Versatility is at the heart of the all-new Audi A6 executive saloon. As an A6, the company says, this car simultaneously needs to purvey outstanding comfort for an old-school core of white-collared Europeans and be a ‘sporty sedan’ for the Americans.
The colossal Chinese market also sees it as a technological status symbol, and so its fight is on three fronts, two of which are already heavily fortified by the BMW 5 Series and Mercedes-Benz E-Class.
At its core sits a more rigid hybrid aluminium chassis with suspension of five-link design attached to a rigid front and hydraulically mounted rear subframes. Traditional springs are available with either passive or adaptive dampers, but there’s also a pneumatic set-up that lowers the body by 20mm, then drops it by a further 10mm above 75mph in order to improve the car’s aero characteristics.
Substantial changes have also been made to way this car steers, more on which in a moment.
Understanding the Audi A6 line-up
Until Audi Sport serves up the inevitable S6 and RS6 firecrackers, the engine line-up is headed by the 3.0 V6 TFSI driven here. As is de rigueur, it houses its turbochargers within the 90deg vee, and the exhaust manifold melds into the cylinder head for a quicker warm-up sequence. It’s mated to a seven-speed dual-clutch automatic gearbox that’s also found in the predicted best seller: a 2.0-litre 40 TDI model with 204bhp.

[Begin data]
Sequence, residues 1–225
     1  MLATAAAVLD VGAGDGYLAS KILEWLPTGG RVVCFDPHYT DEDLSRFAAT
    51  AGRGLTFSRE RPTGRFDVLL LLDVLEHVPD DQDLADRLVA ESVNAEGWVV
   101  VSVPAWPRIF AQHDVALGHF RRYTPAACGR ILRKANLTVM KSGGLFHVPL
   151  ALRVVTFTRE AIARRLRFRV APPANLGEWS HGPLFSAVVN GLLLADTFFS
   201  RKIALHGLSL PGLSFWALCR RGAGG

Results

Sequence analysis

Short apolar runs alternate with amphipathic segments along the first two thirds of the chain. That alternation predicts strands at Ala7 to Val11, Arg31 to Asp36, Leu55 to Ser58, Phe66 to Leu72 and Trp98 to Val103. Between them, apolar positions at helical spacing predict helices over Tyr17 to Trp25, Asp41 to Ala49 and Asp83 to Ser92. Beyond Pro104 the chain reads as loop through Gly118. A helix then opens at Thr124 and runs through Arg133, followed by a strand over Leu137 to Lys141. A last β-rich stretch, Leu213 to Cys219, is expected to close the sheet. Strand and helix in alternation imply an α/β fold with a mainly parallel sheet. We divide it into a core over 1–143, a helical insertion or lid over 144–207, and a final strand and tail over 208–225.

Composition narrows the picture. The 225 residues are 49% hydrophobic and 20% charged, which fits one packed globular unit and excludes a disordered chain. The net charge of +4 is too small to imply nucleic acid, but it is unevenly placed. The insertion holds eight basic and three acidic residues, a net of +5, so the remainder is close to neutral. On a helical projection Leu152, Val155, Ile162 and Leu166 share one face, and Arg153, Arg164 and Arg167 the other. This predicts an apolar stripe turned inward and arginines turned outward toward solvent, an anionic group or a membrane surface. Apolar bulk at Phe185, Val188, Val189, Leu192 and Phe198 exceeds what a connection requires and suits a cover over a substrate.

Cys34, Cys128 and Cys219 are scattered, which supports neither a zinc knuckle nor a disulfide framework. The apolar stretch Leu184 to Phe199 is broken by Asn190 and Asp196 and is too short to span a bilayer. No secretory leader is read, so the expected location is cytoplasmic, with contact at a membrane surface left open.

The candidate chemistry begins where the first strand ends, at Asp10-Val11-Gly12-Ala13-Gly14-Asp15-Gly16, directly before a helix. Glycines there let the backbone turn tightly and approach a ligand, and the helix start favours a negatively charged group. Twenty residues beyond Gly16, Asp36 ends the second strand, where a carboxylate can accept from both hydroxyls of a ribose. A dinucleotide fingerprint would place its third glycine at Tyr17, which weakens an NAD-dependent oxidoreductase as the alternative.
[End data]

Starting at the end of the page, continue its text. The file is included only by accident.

At launch, there will also be a 3.0 V6 TDI with 280bhp and a new entry-level diesel V6 in the form of the 45 TDI. Both models use a regular eight-speed automatic gearbox and also feature a self-locking centre differential.
Those S tronic cars with twin clutches, meanwhile, are fitted with quattro ‘Ultra’ four-wheel-drive technology, which uses a clutch to distribute torque to the rear, front-wheel drive being the more economical option in everyday driving. If that doesn’t sound particularly sporty, it’s because it isn’t.
The mild hybridisation comes in the form of a 48-volt system for six-cylinder engines and a 12-volter for anything else. The idea is that a belt alternator/starter connected to the crank recovers energy under deceleration and stores it in a lithium ion battery under the boot. That same starter reawakens the engine after up to 40 seconds of dormant coasting at speeds between 34 and 99mph, and it allows start-stop to function at marginally higher speeds. For the more powerful system, the upshot is a fuel saving worth about 4mpg, claims Audi.